Timing of Menopause Linked to Diet
Eating a lot of fish and legumes may help delay menopause, according to a study in the Journal of Epidemiology & Community Health. On the other hand, eating too many refined carbohydrates may help bring it on sooner. That’s a concern, because earlier menopause may increase your risk of developing heart disease and osteoporosis.
The study included more than 14,000 British women, ages 40 to 65. Initially, the women provided information about their dietary habits and health history. The researchers then tracked who went through menopause over the next four years.
Which Foods Delay Menopause?
These foods were associated with a later age of menopause:
Fresh legumes (in other words, fresh beans and peas)
Oily fish (for example, salmon, mackerel, herring, lake trout, sardines, and albacore tuna)
Eating more of these foods was associated with starting menopause one to three years later, on average. What’s the likely connection? The researchers noted that unstable molecules called reactive oxygen species can interfere with women’s monthly cycles. Fresh legumes are packed with antioxidants that counter these unstable molecules, and oily fish are rich in omega-3 fatty acids that boost the body’s antioxidant capacity.
Which Foods Hasten Menopause?
The study showed that these foods were associated with earlier menopause:
Refined carbs (specifically white rice and pasta)
Savory snacks (for example, chips, pretzels, and crackers), in some women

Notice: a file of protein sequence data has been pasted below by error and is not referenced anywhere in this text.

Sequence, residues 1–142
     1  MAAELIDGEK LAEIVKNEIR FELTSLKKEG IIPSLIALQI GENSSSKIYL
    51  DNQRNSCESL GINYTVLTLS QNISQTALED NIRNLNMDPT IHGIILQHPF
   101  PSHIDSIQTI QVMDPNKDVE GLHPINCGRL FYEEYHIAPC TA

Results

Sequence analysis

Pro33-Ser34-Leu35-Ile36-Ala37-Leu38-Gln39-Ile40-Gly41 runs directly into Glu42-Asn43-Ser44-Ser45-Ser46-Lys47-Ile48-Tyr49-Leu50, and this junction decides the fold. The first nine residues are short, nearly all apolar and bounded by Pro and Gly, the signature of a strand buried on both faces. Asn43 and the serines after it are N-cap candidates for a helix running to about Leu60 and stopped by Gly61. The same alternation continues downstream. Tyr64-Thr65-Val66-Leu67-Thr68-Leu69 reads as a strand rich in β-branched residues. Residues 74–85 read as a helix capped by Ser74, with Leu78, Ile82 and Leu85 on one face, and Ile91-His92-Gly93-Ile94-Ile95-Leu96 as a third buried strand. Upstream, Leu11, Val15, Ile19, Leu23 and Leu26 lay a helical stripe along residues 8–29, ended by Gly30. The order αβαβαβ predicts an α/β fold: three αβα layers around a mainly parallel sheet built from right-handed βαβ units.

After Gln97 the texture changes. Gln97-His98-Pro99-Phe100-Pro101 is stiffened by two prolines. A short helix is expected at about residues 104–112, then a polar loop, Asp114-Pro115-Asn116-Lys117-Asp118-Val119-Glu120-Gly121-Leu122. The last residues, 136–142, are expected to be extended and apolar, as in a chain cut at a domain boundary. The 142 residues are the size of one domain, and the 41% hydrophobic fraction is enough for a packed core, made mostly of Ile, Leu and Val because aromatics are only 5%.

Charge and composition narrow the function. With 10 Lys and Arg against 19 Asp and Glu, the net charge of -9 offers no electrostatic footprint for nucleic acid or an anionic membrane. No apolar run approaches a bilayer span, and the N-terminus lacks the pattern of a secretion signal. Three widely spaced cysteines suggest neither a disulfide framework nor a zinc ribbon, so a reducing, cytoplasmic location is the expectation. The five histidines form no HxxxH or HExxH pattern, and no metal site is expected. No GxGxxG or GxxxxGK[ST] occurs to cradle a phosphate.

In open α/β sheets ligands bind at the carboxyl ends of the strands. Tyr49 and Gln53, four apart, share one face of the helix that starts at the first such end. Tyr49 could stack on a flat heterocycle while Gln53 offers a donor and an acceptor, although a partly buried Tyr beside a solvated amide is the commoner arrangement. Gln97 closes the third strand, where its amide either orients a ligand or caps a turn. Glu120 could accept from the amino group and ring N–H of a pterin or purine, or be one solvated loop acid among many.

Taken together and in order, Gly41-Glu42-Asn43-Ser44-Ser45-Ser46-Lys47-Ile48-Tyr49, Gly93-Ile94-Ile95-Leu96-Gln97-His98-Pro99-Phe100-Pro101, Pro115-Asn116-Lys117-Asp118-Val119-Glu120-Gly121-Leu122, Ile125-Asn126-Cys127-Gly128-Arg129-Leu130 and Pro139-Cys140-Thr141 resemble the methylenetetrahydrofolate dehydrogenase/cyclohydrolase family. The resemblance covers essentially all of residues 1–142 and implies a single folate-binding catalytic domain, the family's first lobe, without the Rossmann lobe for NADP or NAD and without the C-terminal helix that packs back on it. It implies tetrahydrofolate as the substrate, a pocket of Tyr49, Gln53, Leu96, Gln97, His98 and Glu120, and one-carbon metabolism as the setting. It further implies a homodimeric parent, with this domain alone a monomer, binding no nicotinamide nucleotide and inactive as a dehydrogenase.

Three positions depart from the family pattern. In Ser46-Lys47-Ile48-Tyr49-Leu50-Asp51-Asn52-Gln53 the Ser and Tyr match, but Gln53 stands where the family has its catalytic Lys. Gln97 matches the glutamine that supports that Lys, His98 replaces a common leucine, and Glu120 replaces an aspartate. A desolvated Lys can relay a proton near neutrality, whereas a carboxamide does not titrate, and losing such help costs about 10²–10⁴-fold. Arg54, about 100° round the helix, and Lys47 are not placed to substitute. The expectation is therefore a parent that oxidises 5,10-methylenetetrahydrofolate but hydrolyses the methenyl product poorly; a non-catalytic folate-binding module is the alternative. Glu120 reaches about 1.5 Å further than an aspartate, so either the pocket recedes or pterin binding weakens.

A higher intake of refined carbs was linked to reaching menopause a year and a half earlier, on average. Why? The researchers speculated that insulin resistance may be involved. Insulin resistance occurs when body cells can’t use insulin properly. Among other things, this can affect women’s sex hormone levels—and that, in turn, may affect the timing of menopause. A diet high in refined carbs increases your risk of developing insulin resistance.
Chew On This
Among American women, the average age of menopause is 52. In addition to what you eat, other factors that increase your chance of going through menopause at a younger-than-average age include smoking, genetics, and certain health conditions (for example, thyroid disease, rheumatoid arthritis, and chronic fatigue syndrome).
Once you go through menopause, you lose the protective effects of higher estrogen levels for your heart and bones. Women who experience early menopause also tend to have more severe menopausal symptoms, such as hot flashes. If you are a woman looking ahead to menopause, that’s one more good reason to make smart choices about what you eat.